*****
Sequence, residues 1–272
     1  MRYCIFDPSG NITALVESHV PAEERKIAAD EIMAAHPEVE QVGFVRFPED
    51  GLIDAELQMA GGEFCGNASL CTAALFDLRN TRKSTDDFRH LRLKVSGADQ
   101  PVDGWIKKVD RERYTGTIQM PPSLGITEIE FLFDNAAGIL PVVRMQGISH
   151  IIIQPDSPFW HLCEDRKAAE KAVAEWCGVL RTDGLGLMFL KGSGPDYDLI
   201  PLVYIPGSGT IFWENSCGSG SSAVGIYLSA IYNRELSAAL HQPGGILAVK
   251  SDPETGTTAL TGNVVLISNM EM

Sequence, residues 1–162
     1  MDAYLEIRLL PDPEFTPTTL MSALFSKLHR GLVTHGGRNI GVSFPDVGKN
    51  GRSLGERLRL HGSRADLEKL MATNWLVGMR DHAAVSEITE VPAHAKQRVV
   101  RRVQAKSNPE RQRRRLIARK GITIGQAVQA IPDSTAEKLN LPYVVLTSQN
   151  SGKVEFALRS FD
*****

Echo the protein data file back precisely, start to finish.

Sequence, residues 1–272
     1  MRYCIFDPSG NITALVESHV PAEERKIAAD EIMAAHPEVE QVGFVRFPED
    51  GLIDAELQMA GGEFCGNASL CTAALFDLRN TRKSTDDFRH LRLKVSGADQ
   101  PVDGWIKKVD RERYTGTIQM PPSLGITEIE FLFDNAAGIL PVVRMQGISH
   151  IIIQPDSPFW HLCEDRKAAE KAVAEWCGVL RTDGLGLMFL KGSGPDYDLI
   201  PLVYIPGSGT IFWENSCGSG SSAVGIYLSA IYNRELSAAL HQPGGILAVK
   251  SDPETGTTAL TGNVVLISNM EM

Sequence, residues 1–162
     1  MDAYLEIRLL PDPEFTPTTL MSALFSKLHR GLVTHGGRNI GVSFPDVGKN
    51  GRSLGERLRL HGSRADLEKL MATNWLVGMR DHAAVSEITE VPAHAKQRVV
   101  RRVQAKSNPE RQRRRLIARK GITIGQAVQA IPDSTAEKLN LPYVVLTSQN
   151  SGKVEFALRS FD